This home was recently designed with aging at the forefront. The brief was to support an elderly couple with empathetic design principles so the owners could live independently and in comfort.
Mid-Century Home features contemporary homes and buildings designed by some of the most influential modernist architects of the 20th century and built during the mid-century period: Frank Lloyd Wright, Richard Neutra, Donald Wexler, Craig Ellwood and John Lautner are few of them.
Every day we curate a selection of the most representative mid-century and contemporary style homes, to inspire and make you dream but also to share the story of their architects and owners.
We choose homes designed by architects who we believe respected the modernist principles of building, influenced their generation and set the bar for the architects to come.
This historic renovation of a midcentury home sought to honor the heritage of the home but open up the main spaces for twenty-first century living.
The original architect of this home designed the front section of the house, which was built in 1949, when he was only 14 years old.
Resting on a hilltop in the hinterland of Byron Bay, Australia, this unique double pavilion was inspired by memories of midcentury modern “Palm Springs” architecture.
The house on Treasure Island, Floria, was in derelict condition and had suffered numerous remodels and additions which created a confused internal organization and external appearance.
s bought this home in Silver Lake, Los Angeles, it was extremely run down. With the help of And And And Studio, the home was stripped to its foundations and given a new lease on life.
This project aimed to restore a home to its Eichler roots while modernizing the space. It was a serendipitous beginning when the client and designer both were the same outfit on their initial meeting.
This project demonstrates a remodel and interior design updates to a post and beam 1953 hillside home in Mount Washington, Los Angeles.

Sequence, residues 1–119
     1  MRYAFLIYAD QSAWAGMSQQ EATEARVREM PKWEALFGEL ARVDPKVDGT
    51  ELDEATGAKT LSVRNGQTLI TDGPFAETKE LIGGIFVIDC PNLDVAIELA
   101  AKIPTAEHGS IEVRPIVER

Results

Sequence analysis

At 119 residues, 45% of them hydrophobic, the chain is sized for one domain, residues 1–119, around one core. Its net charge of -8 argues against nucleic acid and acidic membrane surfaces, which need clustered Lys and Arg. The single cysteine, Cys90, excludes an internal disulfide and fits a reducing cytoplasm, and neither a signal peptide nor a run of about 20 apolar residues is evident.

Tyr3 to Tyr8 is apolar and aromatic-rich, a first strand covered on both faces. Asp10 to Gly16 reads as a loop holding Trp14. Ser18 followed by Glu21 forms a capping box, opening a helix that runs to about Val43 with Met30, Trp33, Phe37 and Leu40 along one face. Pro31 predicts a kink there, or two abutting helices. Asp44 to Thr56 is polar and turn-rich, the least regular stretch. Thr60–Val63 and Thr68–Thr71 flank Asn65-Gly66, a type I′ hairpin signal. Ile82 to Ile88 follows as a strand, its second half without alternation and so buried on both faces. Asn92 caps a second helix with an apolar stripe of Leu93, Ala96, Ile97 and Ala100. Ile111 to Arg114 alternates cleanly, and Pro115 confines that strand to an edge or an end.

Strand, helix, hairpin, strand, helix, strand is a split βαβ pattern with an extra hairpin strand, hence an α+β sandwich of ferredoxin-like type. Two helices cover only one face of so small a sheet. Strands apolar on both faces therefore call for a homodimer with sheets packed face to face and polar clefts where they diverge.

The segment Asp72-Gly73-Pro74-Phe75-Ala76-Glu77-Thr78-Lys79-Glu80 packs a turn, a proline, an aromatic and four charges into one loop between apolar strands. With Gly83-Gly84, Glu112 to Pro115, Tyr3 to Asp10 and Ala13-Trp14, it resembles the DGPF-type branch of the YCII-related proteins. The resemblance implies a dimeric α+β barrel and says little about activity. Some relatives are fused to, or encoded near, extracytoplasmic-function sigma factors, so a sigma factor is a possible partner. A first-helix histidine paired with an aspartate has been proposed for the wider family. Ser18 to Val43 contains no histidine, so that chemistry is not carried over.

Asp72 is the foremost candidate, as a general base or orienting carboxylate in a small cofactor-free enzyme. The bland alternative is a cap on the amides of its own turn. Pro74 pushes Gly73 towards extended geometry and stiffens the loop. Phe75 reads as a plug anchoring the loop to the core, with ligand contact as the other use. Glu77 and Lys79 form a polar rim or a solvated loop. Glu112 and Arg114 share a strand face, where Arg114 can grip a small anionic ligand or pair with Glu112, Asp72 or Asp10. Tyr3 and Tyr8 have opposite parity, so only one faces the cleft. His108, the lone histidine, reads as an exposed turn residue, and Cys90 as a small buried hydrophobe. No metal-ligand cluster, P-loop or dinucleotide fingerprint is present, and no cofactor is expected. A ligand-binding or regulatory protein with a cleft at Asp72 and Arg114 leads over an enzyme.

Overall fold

This Krisel home was brought to life and modernized while carefully flowing with the original plan. The designer has long been an avid midcentury aficionado and was keen to ensure that the home would maintain the intended design of the home but enhanced for the 21st century.
This project demonstrates a contemporary post and beam renovation. The previous aesthetics are disjointed and lacked the original midcentury spirit of the home.
Located on a site embedded with family memories, this house replaced what was a tired and poorly orientated cottage, previously owned by the homeowner’s grandparents.
In North Austin, Texas, sits an area that abounds with classic midcentury modern design alongside some fantastic scenery.
When first assessing this project, the architect was excited by the ‘vibe’ and saw great potential.
Like many dwellings from this period, the home has been a building site more than once during the course of its existence. In this case, the clients have owned this property going back to the 1970s.
The recent renovation respects the architect’s original design and draws cues from the refined simplicity of this heritage listed building.
Located on an elevated, terraced section retained by substantial rock walls, this home enjoys incredible views of the sparkling waters of Lake Wanaka, New Zealand, and the surrounding mountains and glaciers.
A hidden jewel in Santa Cruz, Surf House brings a polished bohemian feel right up to the edge of one of the state’s best surf breaks. The clients were well-versed on the nuances of the site and dreamt of a home that fit naturally and sustainably into its beachy, eclectic locale.
Tucked away in Los Altos Hills, the aptly named Round House is a geometrically unique structure; one of a few similarly shaped circular homes in the area that were built in the 1960s.
This 1962 midcentury modern summer home retains much of the vision by the original architect, the late Ulrich Franzen (a disciple of I.M. Pei).
This home was shaped by the open meadow surrounding the site.
This home was designed in the mid 1950’s by Walter Pierce as part of the Peacock Farm neighborhood in Lexington Massachusetts.
This suite was conceived as a loungy art studio and refuge for the owners – a space to invite friends to enjoy the expansive West Texas sky and watch the ever-changing light wash over the vast landscape and haystack mountains to the east.
The Portsea Beach Shack was designed by Robin Boyd in 1955. As with Boyd’s other house plans this charming beach shack had a warm humanity, embodying Boyd’s design principles of restrained materiality and sympathetic engagement with the landscape.
Foothill Residence is a tasteful renovation and addition of a mid-century modern home in Austin, Texas. The home was originally built in 1953 and won an award of merit from the Texas Architect’s Association for the project the same year.
This pitched roof house required a carefully considered design response to achieve the clients brief.
This 1940s brick home has been treasured by the same family since it was originally built.